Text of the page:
How to approach potential customers

Knowledge level: Beginner

You’ve built a list of contacts that could be perfect for your business, so now it’s time to get reaching out to them! But where do you start? In this guide, you’ll learn:

How to make first contact with potential customers

What the perfect cold message looks like

The best ways to follow up and get responses

What’s the best way to approach potential customers?

Email allows you to reach a lot of people quickly and easily, getting directly into their inbox. It interrupts their day far less than a phone call, doesn’t have the costs involved with sending letters, and isn’t as easily ignored as LinkedIn DMs.

So with 77% of B2B buyers preferring to be contacted by email, we’re going to focus on this approach. Because we know it works!

What should you put in your initial email?

It all starts with a short, engaging email that peaks someone’s attention. You don’t want to go straight in with a hard sell (yuck!), you just want them interested enough to be willing to hop on a call with you to find out more (it’s on this call that you’ll work that magic sales pitch, not beforehand).

Something like:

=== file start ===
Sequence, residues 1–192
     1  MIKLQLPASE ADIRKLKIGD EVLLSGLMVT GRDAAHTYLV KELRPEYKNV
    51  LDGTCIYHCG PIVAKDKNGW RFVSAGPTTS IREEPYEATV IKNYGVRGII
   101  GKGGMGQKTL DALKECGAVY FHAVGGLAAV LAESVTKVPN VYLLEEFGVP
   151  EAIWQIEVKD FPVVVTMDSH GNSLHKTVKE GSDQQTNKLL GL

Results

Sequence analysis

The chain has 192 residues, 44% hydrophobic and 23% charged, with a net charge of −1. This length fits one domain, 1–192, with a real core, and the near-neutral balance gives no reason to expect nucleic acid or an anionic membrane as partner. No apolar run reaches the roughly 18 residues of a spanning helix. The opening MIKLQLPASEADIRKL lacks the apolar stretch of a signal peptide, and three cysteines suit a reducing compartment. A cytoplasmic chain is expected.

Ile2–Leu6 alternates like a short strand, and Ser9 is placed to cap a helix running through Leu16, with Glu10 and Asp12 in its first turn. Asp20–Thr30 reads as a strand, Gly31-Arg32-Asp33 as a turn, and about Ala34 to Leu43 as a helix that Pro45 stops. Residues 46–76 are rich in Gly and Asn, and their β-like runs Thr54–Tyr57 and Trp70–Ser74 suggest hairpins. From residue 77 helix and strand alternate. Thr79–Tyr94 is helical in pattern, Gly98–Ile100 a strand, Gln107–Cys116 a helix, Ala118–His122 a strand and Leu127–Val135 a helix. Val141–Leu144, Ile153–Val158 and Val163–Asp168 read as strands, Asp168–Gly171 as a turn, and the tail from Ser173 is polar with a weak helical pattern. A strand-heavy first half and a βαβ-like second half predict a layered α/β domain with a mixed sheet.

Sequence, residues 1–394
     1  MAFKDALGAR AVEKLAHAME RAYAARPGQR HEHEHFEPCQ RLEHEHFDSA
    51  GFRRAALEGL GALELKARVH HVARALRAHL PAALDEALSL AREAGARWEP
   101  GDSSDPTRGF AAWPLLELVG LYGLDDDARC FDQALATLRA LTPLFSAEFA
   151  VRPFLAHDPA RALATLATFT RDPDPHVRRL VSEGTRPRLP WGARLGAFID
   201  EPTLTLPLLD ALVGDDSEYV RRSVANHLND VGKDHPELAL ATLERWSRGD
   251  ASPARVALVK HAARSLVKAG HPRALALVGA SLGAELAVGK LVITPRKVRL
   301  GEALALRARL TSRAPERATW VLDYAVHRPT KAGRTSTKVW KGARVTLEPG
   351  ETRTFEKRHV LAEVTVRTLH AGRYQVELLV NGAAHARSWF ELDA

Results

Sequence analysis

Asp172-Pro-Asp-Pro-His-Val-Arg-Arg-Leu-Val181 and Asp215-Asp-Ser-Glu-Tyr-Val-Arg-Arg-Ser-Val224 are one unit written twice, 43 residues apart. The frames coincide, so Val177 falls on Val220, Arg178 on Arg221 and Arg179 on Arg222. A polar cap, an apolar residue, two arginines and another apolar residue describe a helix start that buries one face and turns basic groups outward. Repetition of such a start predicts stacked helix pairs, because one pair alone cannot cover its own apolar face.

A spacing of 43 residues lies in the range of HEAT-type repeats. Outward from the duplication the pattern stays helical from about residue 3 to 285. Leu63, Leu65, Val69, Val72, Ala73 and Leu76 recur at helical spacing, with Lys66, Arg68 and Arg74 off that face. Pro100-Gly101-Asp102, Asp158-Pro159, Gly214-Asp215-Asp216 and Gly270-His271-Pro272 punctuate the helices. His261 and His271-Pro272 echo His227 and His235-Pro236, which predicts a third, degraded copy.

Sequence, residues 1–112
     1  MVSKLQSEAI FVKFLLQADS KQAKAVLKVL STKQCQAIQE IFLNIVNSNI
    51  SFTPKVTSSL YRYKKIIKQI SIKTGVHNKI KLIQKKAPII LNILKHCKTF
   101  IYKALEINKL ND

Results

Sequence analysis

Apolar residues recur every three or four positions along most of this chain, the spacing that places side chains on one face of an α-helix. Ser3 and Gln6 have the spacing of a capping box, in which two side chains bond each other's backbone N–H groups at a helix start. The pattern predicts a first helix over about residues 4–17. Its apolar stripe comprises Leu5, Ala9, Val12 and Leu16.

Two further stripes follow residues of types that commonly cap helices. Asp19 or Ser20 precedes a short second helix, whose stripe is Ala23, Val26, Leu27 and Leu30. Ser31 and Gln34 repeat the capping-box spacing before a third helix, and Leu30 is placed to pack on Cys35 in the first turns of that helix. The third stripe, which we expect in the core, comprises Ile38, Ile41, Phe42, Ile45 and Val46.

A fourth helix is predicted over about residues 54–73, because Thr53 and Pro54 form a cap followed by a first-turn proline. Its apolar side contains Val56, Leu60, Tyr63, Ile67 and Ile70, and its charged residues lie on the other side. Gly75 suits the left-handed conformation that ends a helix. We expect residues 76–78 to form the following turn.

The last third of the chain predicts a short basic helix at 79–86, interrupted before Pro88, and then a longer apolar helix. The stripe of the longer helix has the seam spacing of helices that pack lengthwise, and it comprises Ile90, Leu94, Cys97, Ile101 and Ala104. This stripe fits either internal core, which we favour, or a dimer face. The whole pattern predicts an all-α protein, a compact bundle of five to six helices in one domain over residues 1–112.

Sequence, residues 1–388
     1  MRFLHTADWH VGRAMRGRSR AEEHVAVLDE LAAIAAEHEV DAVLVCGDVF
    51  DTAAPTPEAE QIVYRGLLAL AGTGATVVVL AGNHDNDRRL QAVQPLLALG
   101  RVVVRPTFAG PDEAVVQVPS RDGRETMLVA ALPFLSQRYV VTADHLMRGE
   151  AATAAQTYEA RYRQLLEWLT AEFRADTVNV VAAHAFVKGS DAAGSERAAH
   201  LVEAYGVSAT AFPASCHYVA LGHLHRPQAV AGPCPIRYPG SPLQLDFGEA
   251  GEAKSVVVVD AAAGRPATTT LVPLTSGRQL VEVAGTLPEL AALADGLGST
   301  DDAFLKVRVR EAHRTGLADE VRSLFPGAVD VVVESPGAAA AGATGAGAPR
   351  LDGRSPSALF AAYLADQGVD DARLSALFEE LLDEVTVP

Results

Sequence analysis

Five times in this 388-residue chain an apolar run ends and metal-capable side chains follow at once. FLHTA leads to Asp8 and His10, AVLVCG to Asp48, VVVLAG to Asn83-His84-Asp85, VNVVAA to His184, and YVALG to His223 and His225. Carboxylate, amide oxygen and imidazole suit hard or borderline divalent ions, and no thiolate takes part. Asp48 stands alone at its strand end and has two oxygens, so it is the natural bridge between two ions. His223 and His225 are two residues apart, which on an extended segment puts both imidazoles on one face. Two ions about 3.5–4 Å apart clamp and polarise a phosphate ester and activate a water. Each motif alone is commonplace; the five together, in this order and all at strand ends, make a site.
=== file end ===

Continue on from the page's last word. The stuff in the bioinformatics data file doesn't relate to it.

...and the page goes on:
Subject: Empire and HyperDrive Construction – quick coffee?

“Hey [Darth Vader],

I hope you’re having a great Wednesday! Sorry to hear about the Death Star being blown up. HyperDrive Construction has excellent experience building galactic space stations without thermal exhaust ports – we’d be delighted to assist with a rebel-proof rebuild.

Are you free this week for a coffee to chat about it?

Best wishes,
Notta Jedeye

Why this email works: It’s short, to the point, and has a clear course of action for the recipient to take. You know what the company does, why they’re reaching out, and what they’re expecting going forward. It doesn’t dump a load of information, but teases the value the company can bring.

How to follow up

The above email is a great opener, but what if you don’t hear back? You don’t give up, because most prospects don’t reply until you chase them!

It’s good practice to pre-plan a sequence of follow-up emails that you can send when you don’t hear back from prospects. We suggest an initial email (like the one above) with no more than three chasers. This number seems to be the sweet spot between being persistent and being a pest.

Each chaser should offer something different, and be gentle enough to invoke a response.

First chaser

This is the nudge. A polite reminder to your prospect that you’ve made contact and you’d love to speak with them.

Keep it simple, reminding them of the benefits that a conversation with you could bring. Include your initial message in the email chain, and focus on helping, not selling.

Something like:

Re: Empire and HyperDrive Construction – quick coffee?

Hi Darth Vader,

Just a gentle nudge to see if you saw my previous email?

I think our X-wing-proof materials would be hugely beneficial to Version 2 of the battlestation. Let me know if you’d like to chat over a coffee this week.

Best wishes,